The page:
A cult is any group that defines itself in Christian terms, but denies one or more of the essentials of historic biblical Christianity. For example, the many Mormons that have recently posted here want to be considered true Christians, and even use Christian language borrowed from scripture, but always with a tell tale flaw. While they may use the Christian vocabulary, they do not use the normal Christian definitions. The fundamental doctrine of grace is good example.
We like to take pride in our accomplishments. Yet, the bible teaches that “all our righteous acts are like filthy rags,” (Is 64:6). It seems very counterintuitive that salvation is not something you can earn with your good behavior but that it is a free gift from God. Paul wrote to the Ephesian church,“For by grace you have been saved through faith. And this is not your own doing; it is the gift of God, not a result of works, so that no one may boast. ” (Eph 2:8–9)
This doctrine of unmerited grace appears in no other world religion. It is just not the sort of idea men would come up with, thus I believe it is an authenticating characteristic of Christianity. Accordingly, the converse is a sure mark of a cult. Men like Joseph Smith or Charles Taze Russell always pervert the Gospel into a personal achievement.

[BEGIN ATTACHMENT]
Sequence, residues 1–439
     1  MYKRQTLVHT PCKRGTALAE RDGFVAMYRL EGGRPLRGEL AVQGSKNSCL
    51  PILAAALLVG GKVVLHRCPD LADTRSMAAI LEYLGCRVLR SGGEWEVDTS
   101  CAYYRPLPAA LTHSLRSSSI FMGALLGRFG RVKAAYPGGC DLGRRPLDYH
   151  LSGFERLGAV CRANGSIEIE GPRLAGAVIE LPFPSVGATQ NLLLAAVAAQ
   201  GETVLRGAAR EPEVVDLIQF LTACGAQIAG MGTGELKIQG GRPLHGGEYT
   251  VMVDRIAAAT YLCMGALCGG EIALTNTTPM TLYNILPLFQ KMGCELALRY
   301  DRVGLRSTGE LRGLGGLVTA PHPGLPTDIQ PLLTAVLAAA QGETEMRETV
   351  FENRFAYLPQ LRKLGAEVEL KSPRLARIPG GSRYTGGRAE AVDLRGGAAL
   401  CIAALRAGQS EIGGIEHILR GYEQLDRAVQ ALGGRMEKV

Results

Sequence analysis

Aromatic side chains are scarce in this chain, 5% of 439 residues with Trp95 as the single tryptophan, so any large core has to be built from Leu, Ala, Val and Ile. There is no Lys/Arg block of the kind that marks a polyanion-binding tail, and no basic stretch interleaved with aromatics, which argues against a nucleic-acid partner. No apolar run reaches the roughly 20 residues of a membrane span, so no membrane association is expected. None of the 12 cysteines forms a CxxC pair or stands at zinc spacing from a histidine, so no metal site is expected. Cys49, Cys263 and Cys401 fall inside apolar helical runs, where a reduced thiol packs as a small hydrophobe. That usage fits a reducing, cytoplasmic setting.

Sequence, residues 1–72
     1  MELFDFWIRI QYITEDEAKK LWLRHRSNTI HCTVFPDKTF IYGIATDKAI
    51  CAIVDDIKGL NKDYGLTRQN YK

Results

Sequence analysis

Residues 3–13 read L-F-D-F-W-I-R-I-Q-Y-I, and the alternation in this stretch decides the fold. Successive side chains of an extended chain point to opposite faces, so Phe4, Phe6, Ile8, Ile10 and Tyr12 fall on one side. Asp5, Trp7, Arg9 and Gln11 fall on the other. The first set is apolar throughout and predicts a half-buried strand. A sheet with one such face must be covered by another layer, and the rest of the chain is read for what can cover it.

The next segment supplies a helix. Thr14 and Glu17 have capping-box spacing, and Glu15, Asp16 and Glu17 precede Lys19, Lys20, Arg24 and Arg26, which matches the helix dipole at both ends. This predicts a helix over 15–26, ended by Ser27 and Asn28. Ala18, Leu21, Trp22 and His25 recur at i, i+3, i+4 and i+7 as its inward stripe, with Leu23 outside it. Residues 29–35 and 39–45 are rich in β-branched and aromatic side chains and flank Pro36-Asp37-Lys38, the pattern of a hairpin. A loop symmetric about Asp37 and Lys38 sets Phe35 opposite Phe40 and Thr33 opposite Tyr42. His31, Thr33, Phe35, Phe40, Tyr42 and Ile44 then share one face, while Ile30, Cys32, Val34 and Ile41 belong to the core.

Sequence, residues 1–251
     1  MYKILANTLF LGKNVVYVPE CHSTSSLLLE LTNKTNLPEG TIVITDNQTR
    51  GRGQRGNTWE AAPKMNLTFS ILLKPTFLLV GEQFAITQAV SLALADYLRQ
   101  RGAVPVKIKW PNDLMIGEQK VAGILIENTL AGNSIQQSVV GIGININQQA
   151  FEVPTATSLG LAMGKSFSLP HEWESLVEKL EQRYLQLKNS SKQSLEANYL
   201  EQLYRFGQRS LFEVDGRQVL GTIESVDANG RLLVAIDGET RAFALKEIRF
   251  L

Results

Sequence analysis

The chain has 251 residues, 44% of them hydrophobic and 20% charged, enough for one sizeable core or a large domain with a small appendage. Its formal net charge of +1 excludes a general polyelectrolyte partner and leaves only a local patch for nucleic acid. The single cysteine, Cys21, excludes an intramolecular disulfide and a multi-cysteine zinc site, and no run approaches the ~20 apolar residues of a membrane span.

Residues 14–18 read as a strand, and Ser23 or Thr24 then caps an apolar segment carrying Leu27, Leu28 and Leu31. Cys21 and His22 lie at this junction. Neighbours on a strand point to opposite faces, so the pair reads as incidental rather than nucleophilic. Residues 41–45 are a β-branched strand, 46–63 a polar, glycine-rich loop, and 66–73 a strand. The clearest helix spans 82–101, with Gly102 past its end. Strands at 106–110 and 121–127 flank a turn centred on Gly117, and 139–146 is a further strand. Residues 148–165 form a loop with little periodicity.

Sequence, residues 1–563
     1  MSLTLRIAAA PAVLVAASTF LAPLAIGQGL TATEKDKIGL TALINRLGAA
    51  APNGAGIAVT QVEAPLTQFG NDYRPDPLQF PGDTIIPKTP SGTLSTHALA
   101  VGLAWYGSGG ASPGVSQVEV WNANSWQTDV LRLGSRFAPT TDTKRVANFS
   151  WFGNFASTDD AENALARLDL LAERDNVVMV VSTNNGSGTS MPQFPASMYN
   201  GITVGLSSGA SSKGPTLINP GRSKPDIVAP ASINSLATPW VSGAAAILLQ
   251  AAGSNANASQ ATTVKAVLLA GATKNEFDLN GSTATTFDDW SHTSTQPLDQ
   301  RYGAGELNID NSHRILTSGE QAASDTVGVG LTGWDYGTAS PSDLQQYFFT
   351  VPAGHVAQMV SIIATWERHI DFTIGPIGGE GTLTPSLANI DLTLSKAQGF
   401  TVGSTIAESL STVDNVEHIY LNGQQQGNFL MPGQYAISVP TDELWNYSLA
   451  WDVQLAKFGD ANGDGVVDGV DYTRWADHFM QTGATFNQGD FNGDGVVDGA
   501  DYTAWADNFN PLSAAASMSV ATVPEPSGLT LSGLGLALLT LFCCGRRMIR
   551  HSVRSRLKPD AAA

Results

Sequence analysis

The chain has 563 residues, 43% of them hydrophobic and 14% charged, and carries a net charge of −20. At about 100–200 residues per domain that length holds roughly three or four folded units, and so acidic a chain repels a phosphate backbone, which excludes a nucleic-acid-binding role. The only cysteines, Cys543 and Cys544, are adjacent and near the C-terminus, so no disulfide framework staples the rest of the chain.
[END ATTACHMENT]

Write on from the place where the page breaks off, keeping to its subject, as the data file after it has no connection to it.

Cults like Mormonism and the Jehovah’s Witnesses make good works the means of salvation. Joseph Smith was brazen enough to add to God’s word in his crudely crafted work of fiction. He wrote, “For we know that it is by grace that we are saved, after all we can do” (2 Nephi 25:23). This exactly what one would expect in a man-made religion. Yet, surely our behavior counts?
In converse, Christianity makes salvation the means of good works. James the brother of Jesus wrote, that “faith without works is dead” (Jms. 2:17). Cults often use this argument by James to justify their works based salvation. It may seem that James is contradicting Paul’s teaching yet really he is not. James is addressing false converts, who claim to be Christians but show no evidence of it in their lives. When read in context, James’ point is not that works are the basis for salvation but the result of it.
If you are a Christian, this is a sure way to guard against pride. The next time you feel some well deserved satisfaction in your works, consider this:
“For we are his workmanship, created in Christ Jesus for good works, which God prepared beforehand, that we should walk in them. ” (Eph 2:10)
According to scripture, it wasn’t even your idea! Doesn’t leave much to boast on… does it?